Work on Horncastle’s long-awaited flood defence scheme should start this summer, offering protection to hundreds of homes and businesses.
The £8.1m project - details of which were first revealed in the News - will see a flood storage ‘reservoir’ built to the north of the town to reduce the risk of flooding from the River Bain.
It will include new earth embankments and automatic control structures, which will manage water levels through the town - and in villages further down the river like Kirkby on Bain.
Officials from the Environment Agency were in Horncastle on Monday to present details of the project for the first time.
Andrew Barron, the Agency’s senior advisor for Flood and Coastal Risk Management, said negotiations were at an advanced stage with landowners.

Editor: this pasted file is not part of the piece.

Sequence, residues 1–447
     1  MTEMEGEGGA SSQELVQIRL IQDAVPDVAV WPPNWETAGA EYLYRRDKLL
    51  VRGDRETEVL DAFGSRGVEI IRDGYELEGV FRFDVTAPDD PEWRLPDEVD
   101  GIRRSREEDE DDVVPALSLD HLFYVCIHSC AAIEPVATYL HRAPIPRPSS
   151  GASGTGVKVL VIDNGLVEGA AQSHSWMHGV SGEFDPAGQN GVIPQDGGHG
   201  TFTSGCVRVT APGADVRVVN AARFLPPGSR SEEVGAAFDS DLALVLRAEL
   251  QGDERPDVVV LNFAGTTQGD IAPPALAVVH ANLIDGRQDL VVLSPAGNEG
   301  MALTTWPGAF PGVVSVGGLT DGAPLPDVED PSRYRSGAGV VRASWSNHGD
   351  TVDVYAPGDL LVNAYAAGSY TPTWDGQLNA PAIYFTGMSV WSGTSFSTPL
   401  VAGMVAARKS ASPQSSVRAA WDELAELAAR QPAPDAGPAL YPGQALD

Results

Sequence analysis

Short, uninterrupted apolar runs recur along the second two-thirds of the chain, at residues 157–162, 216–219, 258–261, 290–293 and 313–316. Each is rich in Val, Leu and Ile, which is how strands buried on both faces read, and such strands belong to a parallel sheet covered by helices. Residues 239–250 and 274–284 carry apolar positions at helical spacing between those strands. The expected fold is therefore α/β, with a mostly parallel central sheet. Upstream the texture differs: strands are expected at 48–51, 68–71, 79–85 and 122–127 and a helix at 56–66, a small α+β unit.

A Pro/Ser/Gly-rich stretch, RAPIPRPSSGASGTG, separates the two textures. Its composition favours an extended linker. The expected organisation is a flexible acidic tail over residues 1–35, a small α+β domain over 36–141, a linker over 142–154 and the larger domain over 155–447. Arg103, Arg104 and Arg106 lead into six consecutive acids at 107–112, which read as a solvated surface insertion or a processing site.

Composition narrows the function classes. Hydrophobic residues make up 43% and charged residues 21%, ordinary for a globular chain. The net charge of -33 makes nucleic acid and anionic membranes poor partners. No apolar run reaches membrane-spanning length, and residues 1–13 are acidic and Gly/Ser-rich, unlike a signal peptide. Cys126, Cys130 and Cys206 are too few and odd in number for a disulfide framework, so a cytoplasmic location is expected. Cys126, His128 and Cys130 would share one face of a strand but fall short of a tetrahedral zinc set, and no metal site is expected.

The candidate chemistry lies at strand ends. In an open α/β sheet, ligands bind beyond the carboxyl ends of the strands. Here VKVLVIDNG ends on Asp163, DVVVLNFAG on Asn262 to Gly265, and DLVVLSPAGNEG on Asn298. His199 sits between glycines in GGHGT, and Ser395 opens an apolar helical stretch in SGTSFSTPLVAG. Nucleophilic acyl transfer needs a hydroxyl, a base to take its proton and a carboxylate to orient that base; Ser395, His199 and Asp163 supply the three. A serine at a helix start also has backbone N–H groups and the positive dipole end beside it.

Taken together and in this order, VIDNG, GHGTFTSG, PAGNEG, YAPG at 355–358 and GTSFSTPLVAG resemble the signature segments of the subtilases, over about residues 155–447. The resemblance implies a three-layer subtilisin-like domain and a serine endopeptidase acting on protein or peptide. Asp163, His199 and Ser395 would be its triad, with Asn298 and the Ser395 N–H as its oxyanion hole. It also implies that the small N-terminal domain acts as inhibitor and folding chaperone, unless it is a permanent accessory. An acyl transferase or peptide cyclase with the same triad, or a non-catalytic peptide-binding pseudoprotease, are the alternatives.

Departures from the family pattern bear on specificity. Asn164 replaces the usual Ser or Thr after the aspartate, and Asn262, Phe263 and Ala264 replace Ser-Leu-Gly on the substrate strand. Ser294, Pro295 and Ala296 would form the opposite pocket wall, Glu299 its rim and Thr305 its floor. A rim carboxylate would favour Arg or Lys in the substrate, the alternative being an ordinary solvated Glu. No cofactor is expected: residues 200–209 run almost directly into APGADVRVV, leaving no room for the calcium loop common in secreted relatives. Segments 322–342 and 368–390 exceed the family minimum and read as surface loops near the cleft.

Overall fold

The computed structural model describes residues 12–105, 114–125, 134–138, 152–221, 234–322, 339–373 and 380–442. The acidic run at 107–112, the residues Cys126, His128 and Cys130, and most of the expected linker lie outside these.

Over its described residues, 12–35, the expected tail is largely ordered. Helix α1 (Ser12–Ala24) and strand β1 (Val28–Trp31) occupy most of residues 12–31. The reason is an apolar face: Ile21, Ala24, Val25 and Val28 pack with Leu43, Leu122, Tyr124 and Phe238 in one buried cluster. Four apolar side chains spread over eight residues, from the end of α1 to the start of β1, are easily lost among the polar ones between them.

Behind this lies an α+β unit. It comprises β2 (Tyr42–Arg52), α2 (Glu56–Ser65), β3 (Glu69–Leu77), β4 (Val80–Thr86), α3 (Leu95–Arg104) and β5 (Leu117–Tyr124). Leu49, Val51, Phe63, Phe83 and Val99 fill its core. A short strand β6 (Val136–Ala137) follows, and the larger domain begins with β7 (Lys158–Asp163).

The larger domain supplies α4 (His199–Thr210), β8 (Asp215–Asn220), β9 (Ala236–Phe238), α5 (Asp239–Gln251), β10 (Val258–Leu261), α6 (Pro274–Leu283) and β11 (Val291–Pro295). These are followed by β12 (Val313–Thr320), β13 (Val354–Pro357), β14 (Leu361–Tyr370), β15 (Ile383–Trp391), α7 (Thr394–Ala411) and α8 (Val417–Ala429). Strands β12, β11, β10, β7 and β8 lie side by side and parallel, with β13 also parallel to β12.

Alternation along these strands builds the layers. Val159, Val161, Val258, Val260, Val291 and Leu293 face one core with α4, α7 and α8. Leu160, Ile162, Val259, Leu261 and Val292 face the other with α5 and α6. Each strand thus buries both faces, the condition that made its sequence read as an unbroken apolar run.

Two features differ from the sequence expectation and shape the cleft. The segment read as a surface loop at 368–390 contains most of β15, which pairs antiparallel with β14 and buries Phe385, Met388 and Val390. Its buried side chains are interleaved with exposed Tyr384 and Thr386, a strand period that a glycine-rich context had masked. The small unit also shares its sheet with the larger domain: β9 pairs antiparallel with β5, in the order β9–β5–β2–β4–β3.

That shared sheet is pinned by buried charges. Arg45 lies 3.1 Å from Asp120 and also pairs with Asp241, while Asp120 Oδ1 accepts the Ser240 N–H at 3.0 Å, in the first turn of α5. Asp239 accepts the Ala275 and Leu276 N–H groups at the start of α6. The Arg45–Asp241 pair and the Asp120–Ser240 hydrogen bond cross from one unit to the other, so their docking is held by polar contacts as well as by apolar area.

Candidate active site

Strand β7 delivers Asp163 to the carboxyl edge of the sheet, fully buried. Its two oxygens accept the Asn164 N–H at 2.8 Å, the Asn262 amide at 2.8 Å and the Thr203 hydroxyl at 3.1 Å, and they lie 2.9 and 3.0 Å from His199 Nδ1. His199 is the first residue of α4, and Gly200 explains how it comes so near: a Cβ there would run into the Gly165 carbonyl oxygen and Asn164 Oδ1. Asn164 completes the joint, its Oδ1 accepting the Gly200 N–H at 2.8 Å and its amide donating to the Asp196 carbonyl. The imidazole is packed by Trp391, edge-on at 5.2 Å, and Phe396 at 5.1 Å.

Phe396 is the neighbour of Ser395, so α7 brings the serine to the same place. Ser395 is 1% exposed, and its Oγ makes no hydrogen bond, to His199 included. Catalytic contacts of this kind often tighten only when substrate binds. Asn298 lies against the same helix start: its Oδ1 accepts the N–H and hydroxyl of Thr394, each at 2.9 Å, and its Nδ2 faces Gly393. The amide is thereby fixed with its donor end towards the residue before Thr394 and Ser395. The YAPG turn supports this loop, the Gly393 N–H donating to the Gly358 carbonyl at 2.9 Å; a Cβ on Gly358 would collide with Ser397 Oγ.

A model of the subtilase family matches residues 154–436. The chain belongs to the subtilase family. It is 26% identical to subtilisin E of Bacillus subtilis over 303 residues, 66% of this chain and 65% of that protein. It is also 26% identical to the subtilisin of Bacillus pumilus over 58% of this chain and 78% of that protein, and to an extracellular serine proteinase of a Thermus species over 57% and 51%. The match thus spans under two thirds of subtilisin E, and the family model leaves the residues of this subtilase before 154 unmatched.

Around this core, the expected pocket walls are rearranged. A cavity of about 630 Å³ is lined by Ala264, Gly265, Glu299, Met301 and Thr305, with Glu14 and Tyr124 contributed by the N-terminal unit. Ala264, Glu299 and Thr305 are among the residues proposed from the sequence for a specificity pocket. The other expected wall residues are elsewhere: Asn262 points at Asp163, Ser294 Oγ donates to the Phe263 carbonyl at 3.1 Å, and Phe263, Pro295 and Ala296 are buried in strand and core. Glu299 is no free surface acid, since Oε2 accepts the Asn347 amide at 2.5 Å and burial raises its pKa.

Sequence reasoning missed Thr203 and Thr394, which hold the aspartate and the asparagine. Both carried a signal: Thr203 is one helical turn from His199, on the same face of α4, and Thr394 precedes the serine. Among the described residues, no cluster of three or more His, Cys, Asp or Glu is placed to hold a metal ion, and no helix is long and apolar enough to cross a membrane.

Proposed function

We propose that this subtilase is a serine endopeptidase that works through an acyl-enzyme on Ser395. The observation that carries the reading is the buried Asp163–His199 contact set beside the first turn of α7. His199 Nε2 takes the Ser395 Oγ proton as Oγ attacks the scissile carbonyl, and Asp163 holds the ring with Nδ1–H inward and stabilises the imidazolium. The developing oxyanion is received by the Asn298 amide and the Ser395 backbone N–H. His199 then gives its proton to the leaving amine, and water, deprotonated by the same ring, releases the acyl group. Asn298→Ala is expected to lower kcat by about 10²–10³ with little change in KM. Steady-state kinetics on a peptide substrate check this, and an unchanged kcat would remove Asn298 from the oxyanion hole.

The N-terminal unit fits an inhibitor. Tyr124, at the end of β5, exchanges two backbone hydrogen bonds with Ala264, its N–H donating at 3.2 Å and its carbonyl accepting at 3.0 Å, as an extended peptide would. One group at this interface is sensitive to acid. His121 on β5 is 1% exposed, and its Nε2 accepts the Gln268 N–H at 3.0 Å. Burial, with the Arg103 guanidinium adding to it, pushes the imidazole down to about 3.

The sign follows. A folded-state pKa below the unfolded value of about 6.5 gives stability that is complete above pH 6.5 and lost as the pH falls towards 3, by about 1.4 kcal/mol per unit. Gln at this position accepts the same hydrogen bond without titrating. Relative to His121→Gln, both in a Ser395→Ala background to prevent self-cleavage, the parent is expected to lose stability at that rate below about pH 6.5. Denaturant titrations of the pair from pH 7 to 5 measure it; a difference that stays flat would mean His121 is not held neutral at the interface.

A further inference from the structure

He said it was hoped to apply for planning permission in February or March with work starting as early as the summer.
Mr Barron said: “We mean business. This is excellent news for Horncastle and other communities affected by flooding.”
Mr Barron explained the defence scheme came close to being implemented in 2002 and the new plans were largely based on information drawn up then.
He said floodwater would be held back by the banks and would be allowed to flood farmland.
Mr Barron said similar schemes were operating successfully in other areas.
He stressed the project was a multi-agency approach which also involves the County Council, District Council, Town Council and Witham Drainage Board.
A separate and smaller scheme for properties in Horncastle affected by flooding from the River Waring is also underway.